However, in Georgia he was arrested for vagrancy and put on a local chain gang . Years later, in August 1948, he was arrested by narcotics officers for marijuana possession and sentenced to 60 days at a California prison farm.

But in film he always seemed free. Roger Ebert called Mitchum ‘the soul of Film Noir’ and this was true in films such as Crossfire, The Big Steal,. Otto Preminger’s Angel Face and Out of the Past, directed by Jacques Tourneur ,where Mitchum’s cynical, mischievous attitude, along with his lascivious droopy eyes and lazy mouth, were ideally suited to the role of the anti-hero.

However, the Charles Laughton helmed The Night of the Hunter is still considered by many to be Mitchum’s best performance, playing a psychotic criminal posing as a preacher to find money hidden in his cell mate’s home.

Hell, Mitchum was so cool that  he recorded a calypso album and Julian Cope wrote this song about him.

THIS POST FIRST APPEARED AT SILENTS AND TALKIES.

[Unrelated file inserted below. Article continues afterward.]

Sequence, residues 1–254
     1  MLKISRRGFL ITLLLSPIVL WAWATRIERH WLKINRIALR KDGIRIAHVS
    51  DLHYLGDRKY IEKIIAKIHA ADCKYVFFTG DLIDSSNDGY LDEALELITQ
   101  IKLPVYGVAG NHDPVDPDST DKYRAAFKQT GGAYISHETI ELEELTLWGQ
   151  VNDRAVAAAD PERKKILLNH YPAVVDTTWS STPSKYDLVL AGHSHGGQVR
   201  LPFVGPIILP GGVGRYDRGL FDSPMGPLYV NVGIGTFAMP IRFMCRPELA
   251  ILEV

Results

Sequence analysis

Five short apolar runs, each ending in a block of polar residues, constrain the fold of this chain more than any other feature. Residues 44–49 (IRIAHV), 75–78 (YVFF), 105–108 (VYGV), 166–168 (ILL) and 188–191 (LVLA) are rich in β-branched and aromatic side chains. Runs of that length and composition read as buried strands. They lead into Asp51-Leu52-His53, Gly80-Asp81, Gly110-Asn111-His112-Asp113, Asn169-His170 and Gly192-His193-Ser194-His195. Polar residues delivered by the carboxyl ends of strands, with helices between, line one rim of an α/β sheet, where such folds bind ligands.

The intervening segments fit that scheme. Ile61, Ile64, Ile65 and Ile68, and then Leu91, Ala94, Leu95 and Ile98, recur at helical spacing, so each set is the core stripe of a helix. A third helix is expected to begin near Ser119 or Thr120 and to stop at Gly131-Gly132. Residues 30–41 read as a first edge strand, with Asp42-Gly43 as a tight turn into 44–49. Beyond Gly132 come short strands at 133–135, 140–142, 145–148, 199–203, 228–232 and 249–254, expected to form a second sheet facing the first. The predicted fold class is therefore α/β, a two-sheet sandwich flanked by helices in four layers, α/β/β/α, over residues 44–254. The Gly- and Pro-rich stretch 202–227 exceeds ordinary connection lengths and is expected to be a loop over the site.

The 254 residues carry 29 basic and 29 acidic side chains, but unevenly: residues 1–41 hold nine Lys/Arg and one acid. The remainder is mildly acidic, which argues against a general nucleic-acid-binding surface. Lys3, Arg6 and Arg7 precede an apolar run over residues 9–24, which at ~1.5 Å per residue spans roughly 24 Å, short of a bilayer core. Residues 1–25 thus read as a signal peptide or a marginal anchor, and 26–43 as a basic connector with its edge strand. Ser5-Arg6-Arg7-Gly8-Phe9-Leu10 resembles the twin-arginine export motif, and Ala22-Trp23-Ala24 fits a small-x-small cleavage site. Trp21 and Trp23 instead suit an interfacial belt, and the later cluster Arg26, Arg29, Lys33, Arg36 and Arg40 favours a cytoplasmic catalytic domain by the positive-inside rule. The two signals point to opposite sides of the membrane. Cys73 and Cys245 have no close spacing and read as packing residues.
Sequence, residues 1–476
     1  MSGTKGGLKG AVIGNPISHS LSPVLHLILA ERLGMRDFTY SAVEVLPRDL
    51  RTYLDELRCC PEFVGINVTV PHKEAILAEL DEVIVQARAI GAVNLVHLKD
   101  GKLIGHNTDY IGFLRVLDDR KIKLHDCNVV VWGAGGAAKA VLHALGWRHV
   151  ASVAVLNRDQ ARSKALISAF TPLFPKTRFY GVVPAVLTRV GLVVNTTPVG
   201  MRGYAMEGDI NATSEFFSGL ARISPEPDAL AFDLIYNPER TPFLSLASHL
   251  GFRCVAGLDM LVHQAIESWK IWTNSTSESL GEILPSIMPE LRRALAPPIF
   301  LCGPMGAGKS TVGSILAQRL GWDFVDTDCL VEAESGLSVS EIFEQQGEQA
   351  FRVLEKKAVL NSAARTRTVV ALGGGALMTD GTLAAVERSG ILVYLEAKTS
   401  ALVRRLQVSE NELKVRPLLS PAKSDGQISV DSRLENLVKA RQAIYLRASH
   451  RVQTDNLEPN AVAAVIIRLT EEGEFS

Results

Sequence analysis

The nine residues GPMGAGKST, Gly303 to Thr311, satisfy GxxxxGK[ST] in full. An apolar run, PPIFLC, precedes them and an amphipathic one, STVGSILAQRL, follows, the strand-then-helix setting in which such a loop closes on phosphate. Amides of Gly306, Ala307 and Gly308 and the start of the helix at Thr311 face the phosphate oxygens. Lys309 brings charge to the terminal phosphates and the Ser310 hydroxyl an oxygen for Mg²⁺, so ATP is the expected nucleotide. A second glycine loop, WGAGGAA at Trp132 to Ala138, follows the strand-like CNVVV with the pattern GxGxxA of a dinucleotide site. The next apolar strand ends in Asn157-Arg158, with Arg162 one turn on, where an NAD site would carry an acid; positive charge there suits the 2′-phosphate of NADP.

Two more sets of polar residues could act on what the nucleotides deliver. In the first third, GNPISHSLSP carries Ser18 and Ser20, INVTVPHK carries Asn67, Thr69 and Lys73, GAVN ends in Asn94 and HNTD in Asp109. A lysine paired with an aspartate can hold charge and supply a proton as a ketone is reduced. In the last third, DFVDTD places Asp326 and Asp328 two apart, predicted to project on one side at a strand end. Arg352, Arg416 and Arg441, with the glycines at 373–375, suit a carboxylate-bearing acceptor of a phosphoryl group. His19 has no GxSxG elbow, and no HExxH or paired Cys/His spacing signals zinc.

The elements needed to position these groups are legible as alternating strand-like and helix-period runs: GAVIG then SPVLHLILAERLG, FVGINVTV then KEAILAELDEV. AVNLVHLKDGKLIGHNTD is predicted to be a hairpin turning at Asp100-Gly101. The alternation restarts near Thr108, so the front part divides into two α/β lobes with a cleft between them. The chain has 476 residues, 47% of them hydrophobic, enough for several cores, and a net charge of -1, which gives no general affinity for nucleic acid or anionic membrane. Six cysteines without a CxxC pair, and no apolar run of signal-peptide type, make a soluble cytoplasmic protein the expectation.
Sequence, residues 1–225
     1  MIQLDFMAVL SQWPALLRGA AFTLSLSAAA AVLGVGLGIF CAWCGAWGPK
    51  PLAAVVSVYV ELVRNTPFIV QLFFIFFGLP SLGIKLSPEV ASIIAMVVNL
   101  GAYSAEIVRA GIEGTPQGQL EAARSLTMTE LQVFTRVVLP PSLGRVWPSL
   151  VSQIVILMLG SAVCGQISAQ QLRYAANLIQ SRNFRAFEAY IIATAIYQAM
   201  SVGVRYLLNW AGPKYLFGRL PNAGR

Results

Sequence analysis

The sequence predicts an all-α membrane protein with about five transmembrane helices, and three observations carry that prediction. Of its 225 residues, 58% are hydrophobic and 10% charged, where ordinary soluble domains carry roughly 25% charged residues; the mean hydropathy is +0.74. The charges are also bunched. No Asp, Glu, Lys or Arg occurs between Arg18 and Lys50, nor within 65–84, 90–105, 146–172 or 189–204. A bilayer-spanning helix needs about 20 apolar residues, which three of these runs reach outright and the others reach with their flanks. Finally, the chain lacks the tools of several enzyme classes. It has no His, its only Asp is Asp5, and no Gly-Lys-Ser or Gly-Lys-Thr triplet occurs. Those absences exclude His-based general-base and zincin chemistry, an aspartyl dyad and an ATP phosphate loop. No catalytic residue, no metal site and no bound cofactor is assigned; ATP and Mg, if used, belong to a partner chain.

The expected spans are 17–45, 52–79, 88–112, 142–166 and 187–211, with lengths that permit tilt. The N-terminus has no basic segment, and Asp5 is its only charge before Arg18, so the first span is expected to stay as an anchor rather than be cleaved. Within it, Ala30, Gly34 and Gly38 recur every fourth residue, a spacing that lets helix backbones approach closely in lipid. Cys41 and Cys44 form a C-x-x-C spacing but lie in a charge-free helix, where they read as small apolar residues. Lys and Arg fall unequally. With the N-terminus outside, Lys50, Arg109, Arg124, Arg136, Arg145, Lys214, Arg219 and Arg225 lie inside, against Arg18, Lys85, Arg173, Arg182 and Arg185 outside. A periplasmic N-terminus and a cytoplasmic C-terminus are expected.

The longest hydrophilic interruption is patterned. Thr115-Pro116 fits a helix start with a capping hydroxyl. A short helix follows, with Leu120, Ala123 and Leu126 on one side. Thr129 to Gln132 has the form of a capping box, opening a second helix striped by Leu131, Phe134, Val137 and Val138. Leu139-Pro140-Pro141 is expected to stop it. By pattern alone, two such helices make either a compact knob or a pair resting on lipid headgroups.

THE SPLENDID MITCHUM PAINTING IS BY KATE GABRIELLE.

Short, Sharp Interview : Sean Hartter

PDB: Can you pitch your latest project in 25 words or less?

SH: Collaborations are germinating , poster work, awesome odd jobs, daily new blog content and the dogged pursuit of new opportunities.

PDB: Which books, films or television shows have floated your boat recently?

Recently? I’d say straight off, without batting an eye, Nicolas Winding Refn’s “Drive” is a new classic and a film I have probably watched 5 times in the last 6 months. I am a NUT for his films, even going back to his Danish “Pusher” trilogy.

I recieved a copy of Frank Miller’s “The Dark Knight Returns” in the HUGELY oversized “Absolute” format as a gift this year. Even after 26 years it still hits me like a freight train.